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WalkIntoTheLight

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I am aware Nitecore does not make batteries/cells and neither do most of the other branded batteries (KeepPower, Vapcell, Efest...) you see on the market unless they are sold with the original wrapper that have not been rewrapped. And I'm sure they will not have the same capacity as they will in room temp. But they are touting them as a low temperature high performance battery, so I really don't know if the manufacturer has changed up the chemistry for these cells to specifically perform in colder environments then other cells. INR chemistry cells have been around for a while now and I've not seen anyone advertise them as "specially designed for freezing temperatures" -40F=-40c . Advertising shenanigans ? Or something new?

I suspect it's just marketing. Probably a better cell for cold than Nitecore's other offerings. Likely just due to lower IR. There's zero chance that any manufacturer is specifically making special cells for Nitecore, so these are just off-the-shelf offerings. Best way to find out is to unwrap one and see what the cell is underneath.

The -40 claim is probably stretching what lithium-ion can do, but do they state a capacity at that temp?
 

LED Monkey

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No word on capacity at -40 but they say they are 2900mah 5a dis chrg . E cars lose a good deal of capacity in extreme cold and battery manufacturers are trying to produce new batteries/technology to deal with extreme temps. Maybe Tesla would be interested with these batteries (I better put lol here:grin2:) Oh yeah, they also cost $30.00 for one 18650 , ouch!
 

LED Monkey

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Lithium "primary" batteries have a operating temperature range greater than lithium ion. All batteries lose performance as the temperatures reach colder/hotter conditions, but lithium primaries do better then other chemistries.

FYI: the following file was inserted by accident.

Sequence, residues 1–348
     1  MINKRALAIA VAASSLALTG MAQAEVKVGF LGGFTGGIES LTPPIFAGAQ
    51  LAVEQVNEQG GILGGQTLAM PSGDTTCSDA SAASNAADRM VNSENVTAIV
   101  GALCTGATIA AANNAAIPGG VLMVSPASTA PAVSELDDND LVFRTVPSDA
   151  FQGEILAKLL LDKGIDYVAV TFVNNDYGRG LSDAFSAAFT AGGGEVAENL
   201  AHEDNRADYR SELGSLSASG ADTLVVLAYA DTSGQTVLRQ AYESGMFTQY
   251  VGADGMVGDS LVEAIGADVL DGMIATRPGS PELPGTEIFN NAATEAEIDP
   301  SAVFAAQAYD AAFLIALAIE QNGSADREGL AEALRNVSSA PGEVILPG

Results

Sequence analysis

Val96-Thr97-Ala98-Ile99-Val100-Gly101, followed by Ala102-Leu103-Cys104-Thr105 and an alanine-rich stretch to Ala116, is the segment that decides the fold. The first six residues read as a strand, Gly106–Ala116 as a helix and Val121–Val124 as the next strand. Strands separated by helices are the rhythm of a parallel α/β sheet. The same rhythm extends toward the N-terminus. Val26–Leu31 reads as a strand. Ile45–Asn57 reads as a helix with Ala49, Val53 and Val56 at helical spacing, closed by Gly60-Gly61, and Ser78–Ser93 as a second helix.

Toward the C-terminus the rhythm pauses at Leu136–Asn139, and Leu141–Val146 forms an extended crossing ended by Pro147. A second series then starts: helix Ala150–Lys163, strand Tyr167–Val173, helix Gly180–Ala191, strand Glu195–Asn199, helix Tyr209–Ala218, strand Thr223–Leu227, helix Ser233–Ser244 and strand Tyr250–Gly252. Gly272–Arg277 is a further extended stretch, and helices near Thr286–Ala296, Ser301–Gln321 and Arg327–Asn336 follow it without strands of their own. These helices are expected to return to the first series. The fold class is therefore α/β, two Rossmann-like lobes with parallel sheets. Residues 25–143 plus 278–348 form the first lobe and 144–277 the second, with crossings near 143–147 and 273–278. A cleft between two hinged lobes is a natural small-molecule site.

LED Monkey

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WalkIntoTheLight

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Thanks for the links, yeah that's the one in the review and probably the Panasonic NCR18650F with some embellishments on the Nitecore specs. Pany has it listed down to -20c

Yeah, no surprise they're BS'ing the specs. Also, lygte tests indicate the battery has to heat up before performance gets decent. And that's just at -20C air temp, not anywhere close to -40.

$30 ???!? Save yourself some money, and pick up six Samsung 30Q's for the same price. My bet is that they'll do just as well.
 

LED Monkey

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Actually I did just pick some Q30's in December $5.5 w/free shipping. I'm not really looking to buy any batteries at the moment but I'm always looking for any battery improvements, new tech, new types and so on. I haven't seen these advertised before so I wasn't sure if they were some kind of newer cells being released. And I'm much more likely to buy from companies that are straight up with their product claims. And they would have to be some magical batteries for me to pay $30.00 per cell. I still have some GA's from 2 years ago that are still going fine too, LG's HG2, Pany and more.
 

DIWdiver

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According to the 30Q data sheet, allowable temperature range for charging is 0-50°C and for discharging -20 to 75°C.

Nitecore says the "usable power" at -40°C is 70% of the rated 2900 mAH, with a 585 mA load. 1450 mA load is "N/A". Gotta love how in the same sentence they refer to the capacity as both power and energy! No doubt they actually mean capacity, as the power and energy would both be notably less.